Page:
Following the Rule
On February 21, 2014, Fr Jonathan Robinson, the Provost, made the following chapter address to the community.
My dear fathers and brothers:
Fr Newman said that to live is to change. While Fr Faber said that all change is for the worse, even when it is change for the better. I suppose we could say that the two statements are not really contradictory: Newman is stating a fact of nature, while Faber is making a judgement on this fact. That is probably right, but it does require some dotting of I‘s and crossing of T‘s. The comments of both of these great Oratorians are in fact both helpful and interesting, if we understand them as applying to life in the Oratory.
A talk about life in the Oratory has to deal both with the Idea of the Oratory, the sort of discussion we find in the Excellences, and, at the same time it has to try to see how the Idea is being realized, or not realized, in the here and now of our daily existence. To use different language, but language which points to the same two-fold thrust, a Chapter Address has to remind its hearers of some aspect of our ways of doing things, and how we, in fact, measure up to this, sometimes, elusive standard. Faber’s words express the ideal, our way of doing things; Newman’s remind us that the here and now of the flow of existence is never still.
One of the purposes of having a definite way of life is to provide us with patterns of behaviour we don’t have to think about all the time. Such patterns save time and energy and leave us with the time and energy for activities which require a focused attention; activities for which there does not always seem to be an appropriate habitual response. I take it this way of looking at things is familiar to you all from Aristotle’s discussion of practical reason and the moral virtues.
The difficulty of applying Aristotle’s discussion to our life together is that this life together is just that: a life together. That is, a common live is not achieved only by a number of men living together who exercise, in a responsible way, the virtue of practical reason. This is so because the our way of doing things aspect of our lives is in some way a more codified, or has more aspects of positive law about it, then appears to be the case of the phronomos who, in a way, is a law unto himself.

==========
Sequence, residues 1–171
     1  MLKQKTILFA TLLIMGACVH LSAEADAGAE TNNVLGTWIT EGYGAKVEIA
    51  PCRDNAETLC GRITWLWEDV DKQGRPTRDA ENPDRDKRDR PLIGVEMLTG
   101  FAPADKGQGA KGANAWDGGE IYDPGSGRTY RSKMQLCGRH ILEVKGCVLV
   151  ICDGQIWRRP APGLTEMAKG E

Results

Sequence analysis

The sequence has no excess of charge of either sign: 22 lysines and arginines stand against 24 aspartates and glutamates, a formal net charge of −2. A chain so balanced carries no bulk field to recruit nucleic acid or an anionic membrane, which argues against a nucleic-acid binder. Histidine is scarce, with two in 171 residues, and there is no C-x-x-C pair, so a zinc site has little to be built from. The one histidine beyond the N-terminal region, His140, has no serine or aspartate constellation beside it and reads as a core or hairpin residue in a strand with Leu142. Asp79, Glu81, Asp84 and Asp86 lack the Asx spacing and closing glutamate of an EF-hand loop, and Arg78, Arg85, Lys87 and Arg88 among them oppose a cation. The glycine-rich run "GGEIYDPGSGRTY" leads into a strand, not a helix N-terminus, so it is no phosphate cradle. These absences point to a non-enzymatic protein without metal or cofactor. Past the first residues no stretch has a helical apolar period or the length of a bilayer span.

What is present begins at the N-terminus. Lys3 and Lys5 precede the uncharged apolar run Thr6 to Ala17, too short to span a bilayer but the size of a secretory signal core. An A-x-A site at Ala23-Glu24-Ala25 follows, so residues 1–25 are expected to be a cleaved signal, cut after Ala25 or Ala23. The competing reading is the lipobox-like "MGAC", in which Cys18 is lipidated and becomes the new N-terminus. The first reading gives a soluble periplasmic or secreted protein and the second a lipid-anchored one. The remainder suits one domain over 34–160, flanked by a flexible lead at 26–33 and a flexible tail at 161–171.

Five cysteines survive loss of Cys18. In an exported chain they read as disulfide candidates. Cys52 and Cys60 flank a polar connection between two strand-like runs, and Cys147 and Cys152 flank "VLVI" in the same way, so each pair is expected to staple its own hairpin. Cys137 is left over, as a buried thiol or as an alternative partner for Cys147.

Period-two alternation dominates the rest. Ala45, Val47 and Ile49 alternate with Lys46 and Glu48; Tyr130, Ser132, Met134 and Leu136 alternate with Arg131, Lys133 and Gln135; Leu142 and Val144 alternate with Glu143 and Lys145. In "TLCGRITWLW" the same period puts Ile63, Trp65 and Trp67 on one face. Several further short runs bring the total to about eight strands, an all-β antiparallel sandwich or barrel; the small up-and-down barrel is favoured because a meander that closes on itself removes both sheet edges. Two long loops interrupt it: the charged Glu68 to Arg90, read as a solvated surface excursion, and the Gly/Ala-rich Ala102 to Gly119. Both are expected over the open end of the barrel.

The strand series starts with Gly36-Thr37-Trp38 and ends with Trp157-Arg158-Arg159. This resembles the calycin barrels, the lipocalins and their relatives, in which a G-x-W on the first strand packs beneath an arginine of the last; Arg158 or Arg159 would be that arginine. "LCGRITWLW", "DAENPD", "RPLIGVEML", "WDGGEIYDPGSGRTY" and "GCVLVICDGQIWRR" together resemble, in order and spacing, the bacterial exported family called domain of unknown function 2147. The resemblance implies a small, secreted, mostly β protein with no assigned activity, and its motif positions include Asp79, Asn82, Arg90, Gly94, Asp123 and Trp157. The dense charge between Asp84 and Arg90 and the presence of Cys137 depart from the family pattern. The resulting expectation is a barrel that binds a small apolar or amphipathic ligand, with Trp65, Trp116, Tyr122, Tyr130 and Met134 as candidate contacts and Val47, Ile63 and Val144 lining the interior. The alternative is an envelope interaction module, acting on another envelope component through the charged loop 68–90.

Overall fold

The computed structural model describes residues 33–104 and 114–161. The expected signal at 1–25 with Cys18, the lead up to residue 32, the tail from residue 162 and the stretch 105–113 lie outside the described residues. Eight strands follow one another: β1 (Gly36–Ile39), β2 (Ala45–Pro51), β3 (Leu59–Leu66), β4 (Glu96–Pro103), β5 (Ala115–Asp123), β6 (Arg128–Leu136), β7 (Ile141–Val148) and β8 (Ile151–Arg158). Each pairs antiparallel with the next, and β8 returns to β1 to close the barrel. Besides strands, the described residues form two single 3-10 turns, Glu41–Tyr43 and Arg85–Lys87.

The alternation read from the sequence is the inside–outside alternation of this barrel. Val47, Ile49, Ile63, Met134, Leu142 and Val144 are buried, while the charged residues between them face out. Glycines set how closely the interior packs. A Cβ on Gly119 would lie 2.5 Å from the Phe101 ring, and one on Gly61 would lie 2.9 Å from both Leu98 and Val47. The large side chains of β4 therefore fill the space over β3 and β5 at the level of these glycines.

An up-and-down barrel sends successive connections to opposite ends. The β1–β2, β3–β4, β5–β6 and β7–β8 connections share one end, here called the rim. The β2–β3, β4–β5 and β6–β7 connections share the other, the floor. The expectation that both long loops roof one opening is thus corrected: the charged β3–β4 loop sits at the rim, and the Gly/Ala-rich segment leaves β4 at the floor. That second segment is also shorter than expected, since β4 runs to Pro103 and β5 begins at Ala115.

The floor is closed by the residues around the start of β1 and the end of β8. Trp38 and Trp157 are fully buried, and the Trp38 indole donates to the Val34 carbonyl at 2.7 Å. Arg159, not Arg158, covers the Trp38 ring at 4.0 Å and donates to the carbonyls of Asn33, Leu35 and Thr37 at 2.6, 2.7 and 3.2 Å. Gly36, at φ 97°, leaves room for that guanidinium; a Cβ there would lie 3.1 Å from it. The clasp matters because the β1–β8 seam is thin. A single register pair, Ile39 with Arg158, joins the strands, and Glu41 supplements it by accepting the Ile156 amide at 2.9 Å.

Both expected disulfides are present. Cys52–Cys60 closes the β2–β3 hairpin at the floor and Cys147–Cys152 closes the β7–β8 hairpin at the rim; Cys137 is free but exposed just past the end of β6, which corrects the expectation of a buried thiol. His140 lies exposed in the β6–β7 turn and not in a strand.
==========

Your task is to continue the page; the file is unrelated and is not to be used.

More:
Community life begins to go wrong, or one of the ways it begins to go wrong, is when, as individuals, we exercise practical reason about the Rule itself. Aristotle held that the standard for correct behaviour in a particular case is what the phronomos would do. Well, we might sometime be tempted to say, I am a man of practical reason and this or that aspect of our way of doing things, I judge not to be applicable to me in this particular set of circumstances. So, I don’t do it. This attitude leads, maybe gradually, but it still leads, to the virtual abolition of the Rule: of ever doing what the Rule enjoins; or else doing on a regular basis what it forbids. The larger we become, the more important it is to practice a human, but very real respect for the Rule; for what it enjoins and for what it forbids. Self-interest alone, as I tend to repeat, ought to make us responsible custodians of our way of life – even when no one else is looking. So, Fr Faber is onto something important.
Newman’s words, on the other hand, should remind us that people and situations do change, and we have to try to adapt to that. But that means making changes together, as we did about Days of Recollection. It certainly does not mean picking and choosing what you like about what is required for our common life, and dispensing yourself from what you don’t like, or are too bored to observe, on the grounds you are exercising a more mature, or more up-to-date take on the common life, than your less intelligent, or less with-it brethren, may be able to see their way to adopting. We are members one of another – that is our strength. We are not a groups of autonomous self-legislating moral fortresses – when we act as though we were we no longer show that we are at least trying to be members of St Philip’s House.